Dr. Nichole Lighthall is an Assistant Professor of Psychology in the Applied Experimental and Human Factors program. She holds a BA in psychology from the UC Berkeley and a PhD in gerontology from the University of Southern California, where she worked with Dr. Mara Mather. Before coming to UCF, Dr. Lighthall completed her postdoctoral training at Duke University in the Center for Cognitive Neuroscience with Drs. Roberto Cabeza and Scott Huettel. The goal of her research program is to develop a neural model of decision processing that can be used to identify age-related vulnerabilities and pathways to compensation. She is particularly interested in how age-related changes to cognitive and affective components of decision making impact decision processing and quality.
phone: 407-823-2216 email: nichole.lighthall[at]ucf[dot]edu CV
Kylie Fernandez is a second-year PhD student in the Applied Experimental and Human Factors program. She holds a BS in psychology from Georgia Institute of Technology where she studied interactions between people and technology. She also completed two summer internships in the Air Force Repperger Program where she explored the relationships between physical and cognitive functioning. As a graduate student, Kylie plans to use biomarkers and neuroscience in her research on human factors and applied psychology.
Lindsay Conner is a first-year PhD student in the Applied Experimental and Human Factors program. Originally from Florida, she studied neuroscience at University of Miami, followed by a master’s program in biomedical imaging at University of California, San Francisco. Her research interests involve identifying and tracking cognitive changes (e.g., memory and decision making) via imaging modalities (e.g., fMRI and DTI) with age.
Ian Dalton is a graduate student in the Cognitive Sciences certificate program. He completed a BS in psychology from UCF in 2014, with a minor in cognitive sciences, during which he worked for two years as a research assistant in the Applied Cognition and Technology lab, collaborating on several projects investigating social and cognitive processes from varied theoretical orientations. Ian highly values the contribution of interdisciplinarity to complex systems research, and hopes in the future to approach the cognitive neurosciences — particularly, the brain dynamics of emotions and cognitive control — from philosophically interesting and methodologically rigorous perspectives.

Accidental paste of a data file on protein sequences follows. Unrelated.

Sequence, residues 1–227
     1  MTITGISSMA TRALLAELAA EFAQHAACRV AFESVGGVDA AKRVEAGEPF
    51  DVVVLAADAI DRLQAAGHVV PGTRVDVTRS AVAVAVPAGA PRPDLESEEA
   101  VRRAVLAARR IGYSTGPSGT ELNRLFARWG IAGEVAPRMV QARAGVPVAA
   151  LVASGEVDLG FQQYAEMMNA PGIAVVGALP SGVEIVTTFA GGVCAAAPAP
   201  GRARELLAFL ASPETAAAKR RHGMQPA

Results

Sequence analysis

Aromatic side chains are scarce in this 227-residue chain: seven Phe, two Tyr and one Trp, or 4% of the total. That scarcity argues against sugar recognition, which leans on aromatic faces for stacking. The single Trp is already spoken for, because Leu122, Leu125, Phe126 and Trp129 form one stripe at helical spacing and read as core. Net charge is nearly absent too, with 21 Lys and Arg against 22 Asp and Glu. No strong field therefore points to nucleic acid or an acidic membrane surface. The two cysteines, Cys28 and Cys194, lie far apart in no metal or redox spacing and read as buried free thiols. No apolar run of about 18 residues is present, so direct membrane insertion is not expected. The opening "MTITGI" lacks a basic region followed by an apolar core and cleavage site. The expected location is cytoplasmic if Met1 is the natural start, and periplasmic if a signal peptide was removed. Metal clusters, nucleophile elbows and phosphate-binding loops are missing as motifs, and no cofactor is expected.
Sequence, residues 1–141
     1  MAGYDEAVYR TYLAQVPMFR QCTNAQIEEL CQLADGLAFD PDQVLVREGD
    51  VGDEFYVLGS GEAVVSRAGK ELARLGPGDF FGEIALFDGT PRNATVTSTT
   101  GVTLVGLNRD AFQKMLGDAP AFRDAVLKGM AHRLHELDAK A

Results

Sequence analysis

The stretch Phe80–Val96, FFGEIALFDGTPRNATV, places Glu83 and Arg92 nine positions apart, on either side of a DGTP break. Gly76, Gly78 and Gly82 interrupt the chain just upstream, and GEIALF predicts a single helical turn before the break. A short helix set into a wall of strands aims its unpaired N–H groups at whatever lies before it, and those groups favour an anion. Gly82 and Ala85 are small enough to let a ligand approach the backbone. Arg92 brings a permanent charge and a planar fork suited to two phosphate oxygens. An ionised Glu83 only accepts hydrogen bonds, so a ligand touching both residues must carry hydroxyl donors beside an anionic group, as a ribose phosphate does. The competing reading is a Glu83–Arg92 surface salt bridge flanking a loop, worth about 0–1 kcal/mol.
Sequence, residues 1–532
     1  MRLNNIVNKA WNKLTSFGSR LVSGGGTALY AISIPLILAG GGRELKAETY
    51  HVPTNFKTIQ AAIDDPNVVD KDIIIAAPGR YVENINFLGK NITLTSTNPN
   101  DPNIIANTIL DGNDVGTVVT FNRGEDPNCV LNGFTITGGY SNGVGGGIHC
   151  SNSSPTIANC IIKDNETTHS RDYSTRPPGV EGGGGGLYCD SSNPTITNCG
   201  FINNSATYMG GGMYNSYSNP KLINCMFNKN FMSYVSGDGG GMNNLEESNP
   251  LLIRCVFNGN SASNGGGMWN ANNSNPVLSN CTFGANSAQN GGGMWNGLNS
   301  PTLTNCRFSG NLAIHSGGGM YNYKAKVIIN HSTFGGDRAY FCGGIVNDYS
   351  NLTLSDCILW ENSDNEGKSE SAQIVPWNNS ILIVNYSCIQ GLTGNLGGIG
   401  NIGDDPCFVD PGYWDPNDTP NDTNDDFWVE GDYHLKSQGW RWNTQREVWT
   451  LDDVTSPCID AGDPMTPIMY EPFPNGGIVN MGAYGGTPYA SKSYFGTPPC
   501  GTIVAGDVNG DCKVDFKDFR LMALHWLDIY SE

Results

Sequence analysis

Undergraduate Research assistants
Amber Goerner is a biomedical sciences major, psychology minor. She hopes to go onto graduate school to study neuroscience, and is particularly interested in neurodegenerative diseases. She is also the vice president for the Mad Scientists Research Society on campus.
Erin Doucet is a fourth-year undergraduate at UCF. She is pursuing a degree in biomedical sciences with a minor in medical sociology. She is particularly interested in neurodegenerative disorders as well as cognitive neuroscience. Upon graduation, Erin plans to go on to medical school in order to pursue a career in neurosurgery.
If you are interested in becoming an RA, click here for more info!
Roberto Cabeza, Center for Cognitive Neuroscience, Duke University
Natalie Ebner, Department of Psychology, University of Florida
Scott Huettel, Center for Cognitive Neuroscience, Duke University
Camelia Kuhnen, Kenan-Flagler Businss School, University of North Carolina
Mara Mather, Davis School of Gerontology, University of Southern California
Daniel Paulson, Department of Psychology, University of Central Florida
John Pearson, Center for Cognitive Neuroscience, Duke University
Kiminobu Sugaya, Burnett School of Biomedical Sciences, University of Central Florida